US calls China and Russia to action over missile launches
North Korea: Work and oil sanctions passed but nations tread carefully
Washington has called on all nations to take new measures against North Korea after Pyongyang sent an intermediate-range weapon hurtling over Japan into the northern Pacific Ocean.
Secretary of state Rex Tillerson said latest UN Security Council resolutions “represent the floor, not the ceiling, of the actions we should take”.
He said China and Russia “must indicate their intolerance for these reckless missile launches by taking direct actions of their own”.
The resolutions prohibit any country from authorising new work permits for North Korean workers and cap Pyongyang’s imports of crude oil and refined petroleum products.
A spokesman for Russia’s president Putin said Moscow “resolutely condemns” such moves and said the missile test will “lead to the further growth of tensions and the further escalation of tensions on the (Korean) peninsula”.
Russia backed the resolutions passed this week, but the Kremlin has also been critical of calls from the US to ramp up the sanction pressure on North Korea.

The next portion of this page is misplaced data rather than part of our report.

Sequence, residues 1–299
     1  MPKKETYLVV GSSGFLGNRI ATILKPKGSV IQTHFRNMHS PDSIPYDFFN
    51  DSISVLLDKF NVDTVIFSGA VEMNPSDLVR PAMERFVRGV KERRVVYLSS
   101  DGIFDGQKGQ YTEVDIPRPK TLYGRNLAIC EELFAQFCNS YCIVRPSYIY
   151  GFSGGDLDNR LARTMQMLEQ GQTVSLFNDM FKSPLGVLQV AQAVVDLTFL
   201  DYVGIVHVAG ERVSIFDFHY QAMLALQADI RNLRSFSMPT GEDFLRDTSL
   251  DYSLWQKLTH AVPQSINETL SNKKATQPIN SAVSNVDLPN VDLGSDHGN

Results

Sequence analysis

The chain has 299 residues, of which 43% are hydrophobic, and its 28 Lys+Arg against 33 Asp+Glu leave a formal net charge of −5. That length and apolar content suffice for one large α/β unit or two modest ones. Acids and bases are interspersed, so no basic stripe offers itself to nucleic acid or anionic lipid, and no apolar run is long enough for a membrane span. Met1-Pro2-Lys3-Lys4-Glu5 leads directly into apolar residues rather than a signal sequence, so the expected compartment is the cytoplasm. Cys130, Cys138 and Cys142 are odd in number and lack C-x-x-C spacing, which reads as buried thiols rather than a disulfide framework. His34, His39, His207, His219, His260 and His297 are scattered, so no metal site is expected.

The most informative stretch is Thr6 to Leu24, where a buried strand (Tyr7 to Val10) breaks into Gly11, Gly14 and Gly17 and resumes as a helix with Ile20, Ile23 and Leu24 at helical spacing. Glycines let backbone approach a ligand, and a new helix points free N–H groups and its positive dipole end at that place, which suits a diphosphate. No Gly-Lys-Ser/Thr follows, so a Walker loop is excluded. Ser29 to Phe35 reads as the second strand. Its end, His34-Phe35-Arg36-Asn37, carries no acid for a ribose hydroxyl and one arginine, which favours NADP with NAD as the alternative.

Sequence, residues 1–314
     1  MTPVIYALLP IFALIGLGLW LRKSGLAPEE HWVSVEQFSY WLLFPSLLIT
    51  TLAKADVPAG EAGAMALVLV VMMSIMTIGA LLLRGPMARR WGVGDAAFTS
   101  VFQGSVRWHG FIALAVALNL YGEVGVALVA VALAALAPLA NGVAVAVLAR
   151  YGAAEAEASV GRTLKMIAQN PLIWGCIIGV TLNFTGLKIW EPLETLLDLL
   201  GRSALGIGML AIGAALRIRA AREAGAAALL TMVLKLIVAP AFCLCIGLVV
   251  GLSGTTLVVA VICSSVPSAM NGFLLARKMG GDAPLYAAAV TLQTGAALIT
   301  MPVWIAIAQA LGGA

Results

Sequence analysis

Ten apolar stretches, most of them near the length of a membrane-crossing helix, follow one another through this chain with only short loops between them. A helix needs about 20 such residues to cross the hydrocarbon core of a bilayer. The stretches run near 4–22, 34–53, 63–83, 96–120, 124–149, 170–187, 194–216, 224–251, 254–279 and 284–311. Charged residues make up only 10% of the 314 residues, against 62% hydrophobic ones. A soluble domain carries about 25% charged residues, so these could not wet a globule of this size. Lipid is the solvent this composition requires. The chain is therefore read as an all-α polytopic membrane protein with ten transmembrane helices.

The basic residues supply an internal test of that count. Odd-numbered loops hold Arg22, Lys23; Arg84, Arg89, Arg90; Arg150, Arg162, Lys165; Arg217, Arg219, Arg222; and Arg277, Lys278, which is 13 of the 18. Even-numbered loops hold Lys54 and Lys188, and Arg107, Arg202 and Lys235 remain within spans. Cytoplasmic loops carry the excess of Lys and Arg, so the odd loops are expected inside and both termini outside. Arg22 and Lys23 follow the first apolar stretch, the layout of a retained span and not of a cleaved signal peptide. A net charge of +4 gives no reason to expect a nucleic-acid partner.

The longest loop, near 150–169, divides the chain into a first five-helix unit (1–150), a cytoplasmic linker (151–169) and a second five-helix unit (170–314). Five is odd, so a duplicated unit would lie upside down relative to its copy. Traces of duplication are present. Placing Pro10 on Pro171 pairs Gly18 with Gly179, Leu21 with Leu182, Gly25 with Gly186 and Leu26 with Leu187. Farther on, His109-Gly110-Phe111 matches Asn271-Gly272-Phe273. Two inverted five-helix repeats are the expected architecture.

China’s foreign ministry called for all sides to seek dialogue to reduce tensions. Spokeswoman Hua Chunying said the situation remains “complex, sensitive and severe”.
She urged all parties to avoid actions that might inflame the situation, while adding that China, North Korea’s chief economic partner and diplomatic ally, did not hold the key to resolving the issue.
China, one of five permanent veto-wielding members of the UN Security Council, agreed to the latest sanctions.
South Korean president Moon Jae-in, a liberal who initially pushed for talks with North Korea, said Pyongyang’s tests currently make dialogue “impossi- ble”, adding that sanctions would push North Korea towards the path of “genuine dialogue”. He added: “If North Korea provokes us or our allies, we have the strength to smash the attempt at an early stage and inflict a level of damage it would be impossible to recover from.”
Mr Moon spoke on the phone with Japanese prime minister Shinzo Abe about their response.
A spokesman said the two leaders agreed to co-operate in identifying “stern and effective measures”. The death toll has risen to more than 80 after an Islamic State-claimed attack in southern Iraq targeting a restaurant frequented by Shiite Muslim pilgrims, Iraqi officials said.
A total of 84 people were killed and 93 injured in the attack in Nasiriyah, Thi Qar province, according to provincial governor Yahya al-Nassiri.